},

// ------------------------------------------------------------------
// Build panel and phantoms settings
// ------------------------------------------------------------------
    // OPTION: "highlight_build_panel"
    // adds syntax highlighting to the build panel so that errors, warnings, etc.
    // show up in different colors; if set to false, the panel will be left as-is.
    "highlight_build_panel": true,


    // OPTION: "hide_build_panel"
    // level to hide the build panel after the build is finished
    // Possible values are:
    // "always" (hide the panel even if the build failed),
    // "no_errors" (only hide the panel if the build was successful even with warnings),
    // "no_warnings" (only hide the panel if no warnings occur)
    // "no_badboxes" (only hide the panel if no badbox messages occur when badboxes are enabled) and
    // "never" (default, never hide the build panel)
    "hide_build_panel": "no_badboxes",

    // OPTION: "display_bad_boxes"
    // controls whether or not to display any bad boxes in the build output
    // if this is not set to true, the setting "no_badboxes" for
    // "hide_build_panel" is equivalent to "no_warnings"
    "display_bad_boxes": false,

    // OPTION: "show_error_phantoms"
    // (ST3, Build 3118+ only)
    // level to show error phantoms in the file
    // Possible values are:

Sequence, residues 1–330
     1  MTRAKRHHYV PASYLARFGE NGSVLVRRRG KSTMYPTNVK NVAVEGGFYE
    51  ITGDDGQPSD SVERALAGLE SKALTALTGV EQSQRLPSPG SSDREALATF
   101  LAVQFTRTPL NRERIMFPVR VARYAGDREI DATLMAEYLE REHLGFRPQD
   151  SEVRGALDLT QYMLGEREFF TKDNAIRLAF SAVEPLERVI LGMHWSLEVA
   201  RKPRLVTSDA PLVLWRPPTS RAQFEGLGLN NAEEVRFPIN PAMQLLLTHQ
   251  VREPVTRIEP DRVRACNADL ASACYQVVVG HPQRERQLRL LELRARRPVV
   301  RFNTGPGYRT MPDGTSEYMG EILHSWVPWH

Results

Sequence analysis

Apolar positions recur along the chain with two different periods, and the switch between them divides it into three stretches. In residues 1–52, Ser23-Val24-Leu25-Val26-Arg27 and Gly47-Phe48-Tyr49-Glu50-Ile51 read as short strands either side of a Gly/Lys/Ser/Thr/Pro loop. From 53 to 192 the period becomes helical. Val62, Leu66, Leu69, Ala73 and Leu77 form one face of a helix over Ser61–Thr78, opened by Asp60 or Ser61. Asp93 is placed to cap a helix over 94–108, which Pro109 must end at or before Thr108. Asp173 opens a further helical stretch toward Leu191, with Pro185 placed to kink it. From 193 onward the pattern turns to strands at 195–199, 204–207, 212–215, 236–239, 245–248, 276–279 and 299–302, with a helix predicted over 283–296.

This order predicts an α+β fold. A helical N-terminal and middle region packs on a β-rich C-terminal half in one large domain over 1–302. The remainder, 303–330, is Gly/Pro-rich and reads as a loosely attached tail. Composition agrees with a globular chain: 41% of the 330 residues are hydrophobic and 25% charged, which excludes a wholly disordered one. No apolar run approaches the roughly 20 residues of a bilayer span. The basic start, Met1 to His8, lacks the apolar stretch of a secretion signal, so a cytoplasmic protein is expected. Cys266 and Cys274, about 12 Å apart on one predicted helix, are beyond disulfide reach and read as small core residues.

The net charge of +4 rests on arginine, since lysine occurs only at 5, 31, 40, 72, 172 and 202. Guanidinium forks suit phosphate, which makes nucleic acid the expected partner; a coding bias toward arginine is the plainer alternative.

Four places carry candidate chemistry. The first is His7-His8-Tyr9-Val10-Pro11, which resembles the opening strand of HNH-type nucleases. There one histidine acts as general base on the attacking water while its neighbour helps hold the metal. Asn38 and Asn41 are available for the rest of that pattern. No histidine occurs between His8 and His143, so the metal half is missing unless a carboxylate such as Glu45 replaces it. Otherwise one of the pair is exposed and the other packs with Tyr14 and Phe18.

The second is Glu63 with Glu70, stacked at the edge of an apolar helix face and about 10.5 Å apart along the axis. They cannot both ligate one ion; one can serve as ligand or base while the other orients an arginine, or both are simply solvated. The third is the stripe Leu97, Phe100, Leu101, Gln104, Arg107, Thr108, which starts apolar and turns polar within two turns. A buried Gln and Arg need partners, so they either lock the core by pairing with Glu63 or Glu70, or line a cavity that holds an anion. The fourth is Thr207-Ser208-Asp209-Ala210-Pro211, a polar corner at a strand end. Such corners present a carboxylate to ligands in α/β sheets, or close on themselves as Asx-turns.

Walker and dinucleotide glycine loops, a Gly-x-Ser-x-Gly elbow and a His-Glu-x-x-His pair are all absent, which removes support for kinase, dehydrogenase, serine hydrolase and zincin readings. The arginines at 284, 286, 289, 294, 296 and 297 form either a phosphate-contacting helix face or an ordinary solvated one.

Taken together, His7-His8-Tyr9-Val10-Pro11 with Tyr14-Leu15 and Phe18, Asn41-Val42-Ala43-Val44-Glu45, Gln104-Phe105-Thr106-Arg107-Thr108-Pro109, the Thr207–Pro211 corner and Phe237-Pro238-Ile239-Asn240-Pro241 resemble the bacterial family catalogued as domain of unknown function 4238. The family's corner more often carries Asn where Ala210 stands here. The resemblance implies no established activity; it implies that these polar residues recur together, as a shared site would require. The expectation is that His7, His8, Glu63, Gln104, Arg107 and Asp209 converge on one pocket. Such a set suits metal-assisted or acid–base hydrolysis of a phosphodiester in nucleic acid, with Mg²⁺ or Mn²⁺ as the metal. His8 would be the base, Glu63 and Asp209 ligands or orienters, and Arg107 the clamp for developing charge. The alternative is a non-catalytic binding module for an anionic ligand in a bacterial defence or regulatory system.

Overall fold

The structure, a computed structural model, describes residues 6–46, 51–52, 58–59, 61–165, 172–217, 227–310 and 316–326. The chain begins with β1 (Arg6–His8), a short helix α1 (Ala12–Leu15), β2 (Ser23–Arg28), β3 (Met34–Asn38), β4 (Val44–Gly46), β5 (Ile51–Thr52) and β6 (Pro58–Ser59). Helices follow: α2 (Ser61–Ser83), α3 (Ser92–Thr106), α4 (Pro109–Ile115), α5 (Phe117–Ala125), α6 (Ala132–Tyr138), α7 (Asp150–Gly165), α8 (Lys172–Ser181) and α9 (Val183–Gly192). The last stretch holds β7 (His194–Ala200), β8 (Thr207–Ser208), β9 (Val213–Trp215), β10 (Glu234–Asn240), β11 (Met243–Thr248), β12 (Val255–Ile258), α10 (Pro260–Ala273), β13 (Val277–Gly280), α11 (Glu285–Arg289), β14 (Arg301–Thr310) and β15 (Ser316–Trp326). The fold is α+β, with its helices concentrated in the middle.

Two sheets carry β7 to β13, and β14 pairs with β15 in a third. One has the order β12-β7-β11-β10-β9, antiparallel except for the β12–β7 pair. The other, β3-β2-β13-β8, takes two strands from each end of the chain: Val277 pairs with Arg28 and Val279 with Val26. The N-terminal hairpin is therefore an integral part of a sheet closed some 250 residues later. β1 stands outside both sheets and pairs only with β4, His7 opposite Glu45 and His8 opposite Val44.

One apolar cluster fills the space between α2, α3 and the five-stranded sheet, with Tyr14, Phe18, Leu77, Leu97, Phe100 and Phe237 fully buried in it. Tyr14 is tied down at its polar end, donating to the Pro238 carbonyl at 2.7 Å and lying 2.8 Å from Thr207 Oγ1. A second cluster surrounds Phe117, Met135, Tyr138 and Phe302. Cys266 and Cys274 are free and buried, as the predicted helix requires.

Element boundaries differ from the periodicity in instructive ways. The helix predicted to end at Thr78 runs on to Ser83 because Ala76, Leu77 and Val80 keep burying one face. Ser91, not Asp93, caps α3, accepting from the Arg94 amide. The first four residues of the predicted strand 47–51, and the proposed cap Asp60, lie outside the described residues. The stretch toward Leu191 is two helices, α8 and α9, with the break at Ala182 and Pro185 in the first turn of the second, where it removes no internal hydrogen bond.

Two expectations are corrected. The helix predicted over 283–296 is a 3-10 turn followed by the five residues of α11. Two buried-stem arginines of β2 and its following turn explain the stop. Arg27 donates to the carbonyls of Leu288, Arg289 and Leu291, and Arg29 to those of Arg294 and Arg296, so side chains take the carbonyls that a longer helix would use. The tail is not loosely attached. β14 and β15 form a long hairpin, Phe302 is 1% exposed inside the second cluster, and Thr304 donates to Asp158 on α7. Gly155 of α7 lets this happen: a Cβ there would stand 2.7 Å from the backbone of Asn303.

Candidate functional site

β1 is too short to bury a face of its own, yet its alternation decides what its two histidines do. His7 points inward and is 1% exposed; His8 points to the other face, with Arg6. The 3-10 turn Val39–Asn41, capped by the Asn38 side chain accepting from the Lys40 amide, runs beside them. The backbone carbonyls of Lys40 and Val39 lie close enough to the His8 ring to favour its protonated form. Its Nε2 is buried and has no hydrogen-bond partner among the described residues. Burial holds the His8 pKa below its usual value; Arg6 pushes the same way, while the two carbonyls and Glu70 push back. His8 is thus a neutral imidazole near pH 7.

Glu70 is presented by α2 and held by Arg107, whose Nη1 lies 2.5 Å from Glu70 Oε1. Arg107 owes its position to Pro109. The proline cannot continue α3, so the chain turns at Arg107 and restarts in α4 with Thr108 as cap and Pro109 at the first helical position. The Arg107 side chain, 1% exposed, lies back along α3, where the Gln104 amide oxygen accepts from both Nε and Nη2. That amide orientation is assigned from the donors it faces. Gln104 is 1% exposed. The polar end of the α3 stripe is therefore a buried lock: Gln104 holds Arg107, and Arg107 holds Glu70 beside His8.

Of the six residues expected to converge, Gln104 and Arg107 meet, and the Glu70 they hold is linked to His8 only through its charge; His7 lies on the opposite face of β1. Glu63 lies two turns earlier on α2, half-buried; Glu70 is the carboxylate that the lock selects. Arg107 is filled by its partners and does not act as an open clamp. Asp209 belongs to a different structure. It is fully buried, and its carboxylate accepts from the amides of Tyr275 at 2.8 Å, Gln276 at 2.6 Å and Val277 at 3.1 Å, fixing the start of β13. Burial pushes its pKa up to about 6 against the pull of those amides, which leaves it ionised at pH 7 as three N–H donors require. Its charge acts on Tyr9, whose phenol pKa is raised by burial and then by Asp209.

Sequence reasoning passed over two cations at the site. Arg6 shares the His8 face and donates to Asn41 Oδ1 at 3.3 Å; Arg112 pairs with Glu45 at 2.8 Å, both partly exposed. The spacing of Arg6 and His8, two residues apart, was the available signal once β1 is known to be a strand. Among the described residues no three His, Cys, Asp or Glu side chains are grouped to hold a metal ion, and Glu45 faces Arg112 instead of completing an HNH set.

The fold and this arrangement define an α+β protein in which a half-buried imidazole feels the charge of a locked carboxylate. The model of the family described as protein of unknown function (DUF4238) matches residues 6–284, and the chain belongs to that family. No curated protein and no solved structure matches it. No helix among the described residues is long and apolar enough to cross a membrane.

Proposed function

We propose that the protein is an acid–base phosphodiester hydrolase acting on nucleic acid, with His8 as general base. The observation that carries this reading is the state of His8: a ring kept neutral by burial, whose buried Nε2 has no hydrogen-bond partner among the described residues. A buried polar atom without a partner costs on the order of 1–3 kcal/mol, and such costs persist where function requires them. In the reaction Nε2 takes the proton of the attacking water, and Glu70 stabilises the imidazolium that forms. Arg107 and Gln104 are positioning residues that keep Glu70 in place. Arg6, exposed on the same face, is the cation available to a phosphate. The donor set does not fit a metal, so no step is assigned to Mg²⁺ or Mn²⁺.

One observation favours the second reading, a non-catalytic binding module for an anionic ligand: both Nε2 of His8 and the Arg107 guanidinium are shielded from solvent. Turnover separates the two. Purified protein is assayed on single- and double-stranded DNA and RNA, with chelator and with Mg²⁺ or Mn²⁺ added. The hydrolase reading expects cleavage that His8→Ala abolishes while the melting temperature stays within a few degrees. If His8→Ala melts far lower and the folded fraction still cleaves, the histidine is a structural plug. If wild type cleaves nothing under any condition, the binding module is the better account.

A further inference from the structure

// "none" (don't show any phantoms at all)
    // "errors" (only show errors, which breaks the compilation)
    // "warnings" (default, show errors and warnings)
    // "badboxes" (show errors, warnings, and badboxes)
    "show_error_phantoms": "warnings",

    // number of seconds to display the "build succeeded" or "build failed"
    // message
    "build_finished_message_length": 2.0,

// ------------------------------------------------------------------
// Viewer settings
// ------------------------------------------------------------------
    // OPTION: "viewer"
    // Specifies which viewer to use
    // Possible values:
    //
    // "default" or ""  the default viewer for your platform, which
    //                  is sumatra on Windows, skim on OS X and
    //                  evince on linux
    //
    // "command"        invokes a viewer based on commands configured
    //                  in viewer settings below; see the README
    //                  for details
    //
    // "evince"         uses Evince; this is the default on linux
    //
    // "okular"         uses Okular to open the pdf
    //
    // "preview"        uses Preview.app to open the pdf
    //
    // "skim"           uses Skim to open the pdf; this is the
    //                  default on OSX
    //
    // "sumatra"        uses SumatraPDF; this is the default on
    //                  Windows
    //
    // "zathura"        uses Zathura to open the pdf
    "viewer": "",

    // OPTION: "viewer_settings"
    // Specify viewer-dependent settings and preferences
    // Possible values: see README or documentation provided with